So now here's a challenge... find other walnut with similar enough color to make the rest.
I heartily dislike going to these kinds of places. At least around here. At 27 I'm one of the young guys coming in and get treated like an uneducated child. They are the ones who look confused at me when I say I'm looking for straight grained rift sawn 8/4 material. Most don't actually know what Rift is. What am I building? It doesn't frickin matter, I know what I want and need. Oh, you want leg stalk? Well that plank there is quartered... I said RIFT. Do you know know that furniture is 3 dimensional? You get two side with straight grain quartered but what about the other two? Garbage. Oh, well this plank has some rift then that one over there... Those are different colors! We tend to look for "interesting" wood. Oh so what you do is cut part of the trunk to get the crotch and the another part of the trunk to get the butt of the tree. So you're trying to make "Nakashima" slabs out of any tree you get and wasting the prime real estate without even thinking about it. Boy getting that rift sounds like a lot of waste. Yeah? well what I'm building may be better for the tree, it will be beautiful and have a much longer and happier life than your failed "Nakashima" table (don't use his name in vain ha) or your mismatched gaudy gun rack.
Every time I leave I wish to never return.
Friday, October 8, 2010
I thought I thoroughly rolled glue on. The other side is fine. My veneer "press" set-ups haven't failed me before... Hmm.
Being a bit flustered I wasn't coming up with great ideas as to what to do. I called for help heh. I got a hold of one Mr. Jason Dingess a friend and classmate of mine who stayed on for a second year, so he was probably more fresh on such topics ;). Got a couple ideas talking with him and picked a plan.
Sometimes with these happens you just have to dive in and avoid the crushing loop of "oh my gosh, I can't believe I screwed up, what the hell am I going to do, what did I do wrong, can I fix this, how do I fix this, what am I doing..."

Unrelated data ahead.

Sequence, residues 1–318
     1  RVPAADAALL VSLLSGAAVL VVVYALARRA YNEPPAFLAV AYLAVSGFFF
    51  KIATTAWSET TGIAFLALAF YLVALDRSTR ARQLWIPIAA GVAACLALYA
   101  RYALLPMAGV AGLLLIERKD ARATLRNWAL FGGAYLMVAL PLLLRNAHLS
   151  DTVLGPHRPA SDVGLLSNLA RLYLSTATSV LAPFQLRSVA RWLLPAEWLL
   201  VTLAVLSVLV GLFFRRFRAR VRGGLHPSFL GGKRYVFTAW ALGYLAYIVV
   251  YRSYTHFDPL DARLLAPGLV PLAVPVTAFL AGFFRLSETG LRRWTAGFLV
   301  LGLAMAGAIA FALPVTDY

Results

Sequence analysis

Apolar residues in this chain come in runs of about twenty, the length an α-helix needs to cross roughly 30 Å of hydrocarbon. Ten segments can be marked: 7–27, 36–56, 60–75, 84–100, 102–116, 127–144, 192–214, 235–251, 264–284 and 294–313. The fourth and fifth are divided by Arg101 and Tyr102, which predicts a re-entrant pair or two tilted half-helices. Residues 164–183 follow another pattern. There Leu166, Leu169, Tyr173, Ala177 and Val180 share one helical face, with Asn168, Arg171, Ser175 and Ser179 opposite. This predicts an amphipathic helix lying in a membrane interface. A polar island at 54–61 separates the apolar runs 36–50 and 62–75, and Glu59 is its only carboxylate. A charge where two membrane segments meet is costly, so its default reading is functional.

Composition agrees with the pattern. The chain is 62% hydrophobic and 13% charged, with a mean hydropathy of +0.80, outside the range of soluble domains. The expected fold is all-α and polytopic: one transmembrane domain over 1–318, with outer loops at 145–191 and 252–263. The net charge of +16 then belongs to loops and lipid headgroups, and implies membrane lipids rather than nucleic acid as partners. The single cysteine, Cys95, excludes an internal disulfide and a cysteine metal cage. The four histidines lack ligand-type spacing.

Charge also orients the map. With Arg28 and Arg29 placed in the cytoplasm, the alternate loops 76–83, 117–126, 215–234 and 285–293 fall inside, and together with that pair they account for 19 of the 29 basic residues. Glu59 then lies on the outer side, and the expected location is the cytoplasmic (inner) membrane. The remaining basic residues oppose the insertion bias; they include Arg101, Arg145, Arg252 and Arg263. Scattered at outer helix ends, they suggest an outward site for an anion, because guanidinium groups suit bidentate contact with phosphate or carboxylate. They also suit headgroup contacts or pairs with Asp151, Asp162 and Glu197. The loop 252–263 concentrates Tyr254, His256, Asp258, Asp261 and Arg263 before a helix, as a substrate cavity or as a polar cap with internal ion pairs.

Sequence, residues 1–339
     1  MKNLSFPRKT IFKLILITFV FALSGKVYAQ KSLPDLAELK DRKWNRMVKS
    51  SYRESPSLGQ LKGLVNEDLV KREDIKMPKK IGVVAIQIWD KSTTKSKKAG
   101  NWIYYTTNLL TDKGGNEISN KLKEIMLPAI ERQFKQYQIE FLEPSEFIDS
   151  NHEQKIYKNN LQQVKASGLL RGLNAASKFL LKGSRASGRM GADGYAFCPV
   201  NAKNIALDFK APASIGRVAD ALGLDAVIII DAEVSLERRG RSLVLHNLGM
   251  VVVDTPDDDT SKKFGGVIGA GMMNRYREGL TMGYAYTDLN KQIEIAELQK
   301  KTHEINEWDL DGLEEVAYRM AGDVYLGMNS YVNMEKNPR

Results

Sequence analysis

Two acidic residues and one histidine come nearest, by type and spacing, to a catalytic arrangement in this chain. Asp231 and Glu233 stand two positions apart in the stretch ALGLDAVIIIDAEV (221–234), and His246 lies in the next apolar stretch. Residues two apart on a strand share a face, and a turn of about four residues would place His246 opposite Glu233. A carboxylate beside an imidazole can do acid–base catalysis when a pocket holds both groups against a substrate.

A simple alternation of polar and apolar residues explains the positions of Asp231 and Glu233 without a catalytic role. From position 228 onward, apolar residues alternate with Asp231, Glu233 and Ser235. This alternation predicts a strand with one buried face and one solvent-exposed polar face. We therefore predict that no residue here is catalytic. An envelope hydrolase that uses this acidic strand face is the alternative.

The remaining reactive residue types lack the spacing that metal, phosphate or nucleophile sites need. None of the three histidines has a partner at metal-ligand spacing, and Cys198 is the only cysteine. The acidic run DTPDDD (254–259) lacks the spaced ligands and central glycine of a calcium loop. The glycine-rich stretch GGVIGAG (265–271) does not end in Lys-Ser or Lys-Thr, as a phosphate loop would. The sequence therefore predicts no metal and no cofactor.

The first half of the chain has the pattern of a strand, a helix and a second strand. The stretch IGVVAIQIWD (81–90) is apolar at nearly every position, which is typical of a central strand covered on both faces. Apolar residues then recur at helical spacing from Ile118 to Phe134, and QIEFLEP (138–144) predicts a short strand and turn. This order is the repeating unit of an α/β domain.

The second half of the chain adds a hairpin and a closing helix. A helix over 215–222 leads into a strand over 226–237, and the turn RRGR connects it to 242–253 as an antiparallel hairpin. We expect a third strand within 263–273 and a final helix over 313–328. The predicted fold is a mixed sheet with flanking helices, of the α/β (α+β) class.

While I was in school bubbles happened to two students. Both took different approaches.
I chose the "diamond" plug. Hard Maple and other such smooth dense woods are not always the best wood to be doing this kind of thing with and joinery is less forgiving that in more porous woods. I figured I'd give this a shot, if it didn't work out I had a back-up plan.
cut out a rather elongated diamond to avoid harsh end grain joinery. Now, this just looked freaky to me. Just plain wrong. I liken it to cutting out a 1/16" deep diamond out of your flesh.
I had extra veneer so I took the "plug" from about the same spot in the veneer.
I used very thinned white glue in the bottle to help get the glue underneath the veneer filling the bubble. Put the plug in and clamped.
Getting close on the cabinet portion of things! Glue up the back panel, hang the doors, edge treatment on the doors, finish doors, flipper-floppers, levelers, pulls, and consoles. Well maybe there is a number of things to do but I think I might hold of on the pulls, levelers, flipper-floppers and consoles until I figure out what I want to use for the drawer pulls int he stand.
Saturday, October 2, 2010
The second glue-up (top to sides) I enlisted the help of my Father. He didn't even need to do much. I put glue in the holes and he spread it in the holes. I did the rest of the work. That extra speed made a world of difference though! Nice and easy it went.
There are a lot of "sticks" going on in this piece. I hope when all is said and done it wont be too much. Ah, I'm sure it wont, it's just a bit different seeing this kind of piece come together versus one using a lot of surfaces.